According to the FSA, which imposed the £7.2 million fine for “inadvertently engaging in market abuse in connection with trading of Punch Taverns…the market abuse was not deliberate or reckless. Mr. Einhorn did not believe that the information that he had received was inside information and he did not intend to commit market abuse.” Sayeth Einhorn: Read more »
FSA To Require Firms To Record Employees’ Phone Calls Despite It Being A Waste Of Money That Enterprising Insider Traders Will Undoubtedly Work AroundBy Bess Levin
The Financial Services Authority announced today that “relevant communications made with, sent from or received on mobile phones and other handheld devices must be recorded and stored for six months.” The new rule is expected to cost banks at least 10,000 pounds ($16,000) per phone, per year, which they are none too pleased about, especially given the pointlessness of the exercise. Is the UK regulator aware of the fact that if someone wants to insider trade, they’re gonna find a way, regardless of their work phone being tapped (like, for instance, using a personal phone or meeting in person to trade hot tips) and that the only thing they’re going to determine from these calls is which banks employ the highest number of bondage and clown fetishists? Yes, and they don’t care. Read more »
The banks that stayed afloat with billions in government bailout money are laughing, well, all the way to the bank. And Britain’s top financial services regulator says that’s got to change.
“There remains, I believe, an absence of the acceptance of collective responsibility for what has happened,” Hector Sants of the Financial Services Authority opines today. “I personally remain unconvinced that all senior management have taken on board the need to change and operate in a genuinely different manner.”
Well, why would they? Governments on both sides of the Atlantic have handed out the billions with nary a string attached. And they’ve continued to do so even as banks continue to behave badly.
This will make a simply outstanding race for the bottom study some day some years from now. Dueling regulators, burning to impose salary caps of the like that would trigger severe, acute male pattern baldness in Erin Callan, but restrained by the sinister hand of Regulation No 1612/68 as thousands pour out of the latest salary cap obsessed jurisdiction towards countries where the average level of economic understanding actually cracks the fifth grade ceiling. Sayeth the evil 1612/68:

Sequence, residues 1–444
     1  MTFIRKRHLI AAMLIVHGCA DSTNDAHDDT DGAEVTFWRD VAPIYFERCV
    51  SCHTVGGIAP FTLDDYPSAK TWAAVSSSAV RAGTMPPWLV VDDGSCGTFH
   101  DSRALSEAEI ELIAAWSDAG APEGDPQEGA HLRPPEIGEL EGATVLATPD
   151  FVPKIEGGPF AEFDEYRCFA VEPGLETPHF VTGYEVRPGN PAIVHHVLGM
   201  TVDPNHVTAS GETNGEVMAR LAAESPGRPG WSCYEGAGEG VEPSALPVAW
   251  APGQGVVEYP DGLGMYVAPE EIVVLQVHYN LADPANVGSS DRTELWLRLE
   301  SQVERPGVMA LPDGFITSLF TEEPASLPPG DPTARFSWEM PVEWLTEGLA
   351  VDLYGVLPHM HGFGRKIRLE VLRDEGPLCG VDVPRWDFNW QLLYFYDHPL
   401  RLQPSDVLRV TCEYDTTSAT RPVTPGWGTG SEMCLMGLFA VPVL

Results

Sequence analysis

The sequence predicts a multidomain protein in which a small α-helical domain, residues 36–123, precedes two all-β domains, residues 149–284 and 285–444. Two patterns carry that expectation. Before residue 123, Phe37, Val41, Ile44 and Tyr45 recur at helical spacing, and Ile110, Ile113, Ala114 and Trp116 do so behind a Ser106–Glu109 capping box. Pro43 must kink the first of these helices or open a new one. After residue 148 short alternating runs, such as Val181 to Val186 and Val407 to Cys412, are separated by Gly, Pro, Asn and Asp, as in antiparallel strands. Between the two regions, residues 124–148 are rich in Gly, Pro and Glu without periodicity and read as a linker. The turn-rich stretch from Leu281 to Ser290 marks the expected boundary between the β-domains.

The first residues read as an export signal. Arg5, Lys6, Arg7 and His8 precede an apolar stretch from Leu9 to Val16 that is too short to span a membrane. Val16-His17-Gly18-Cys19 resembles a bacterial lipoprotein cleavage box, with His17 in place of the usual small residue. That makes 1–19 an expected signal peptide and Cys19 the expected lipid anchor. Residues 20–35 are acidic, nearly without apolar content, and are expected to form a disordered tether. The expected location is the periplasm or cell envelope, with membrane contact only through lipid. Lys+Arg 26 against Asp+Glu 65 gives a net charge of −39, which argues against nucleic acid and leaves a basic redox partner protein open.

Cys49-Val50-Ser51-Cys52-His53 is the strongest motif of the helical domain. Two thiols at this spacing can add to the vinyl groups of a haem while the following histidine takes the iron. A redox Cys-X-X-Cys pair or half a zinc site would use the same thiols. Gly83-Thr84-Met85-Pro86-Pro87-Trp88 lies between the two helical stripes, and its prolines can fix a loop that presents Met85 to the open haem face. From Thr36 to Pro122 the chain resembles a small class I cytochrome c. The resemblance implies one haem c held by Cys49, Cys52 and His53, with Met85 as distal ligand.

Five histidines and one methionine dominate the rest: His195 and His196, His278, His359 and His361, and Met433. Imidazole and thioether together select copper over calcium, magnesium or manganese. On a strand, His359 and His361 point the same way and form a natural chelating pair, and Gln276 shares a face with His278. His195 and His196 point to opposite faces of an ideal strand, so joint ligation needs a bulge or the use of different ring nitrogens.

…mobility of labour within the Community must be one of the means by which the worker is guaranteed the possibility of improving his living and working conditions and promoting his social advancement.
Quitters never win, you capitalist expatriates! We hope you enjoy your time as a stateless drifter, and die poor and without a penny left in your unearned family estate’s coffers too. (Can we have your car?)
It is the same old argument. The key objection from banks to a new code from the U.K. Financial Services Authority on bonuses is that it will harm competitiveness, as jobs and tax revenues move to friendlier climates. The argument risks watering down regulatory responses to the recent crisis, as banks grow more confident they are out of danger.
The line has held some sway at the FSA, disappointing those hoping for a stronger stance on pay. Detailed provisions on deferring a significant portion of bonuses and linking the deferred component to firmwide performance now will apply only to senior bankers, rather than everyone. Banks will still be able to pay bonuses if they rack up losses. The FSA argues it is sticking to its guns and that it is determined to enforce these rules.
Yes, we must impose pay caps on every financial center in the known universe.
An Allied Force Is Needed for Bankers’ Pay [The Wall Street Journal]
Full Disclosure: Dealbreaker is long popcorn.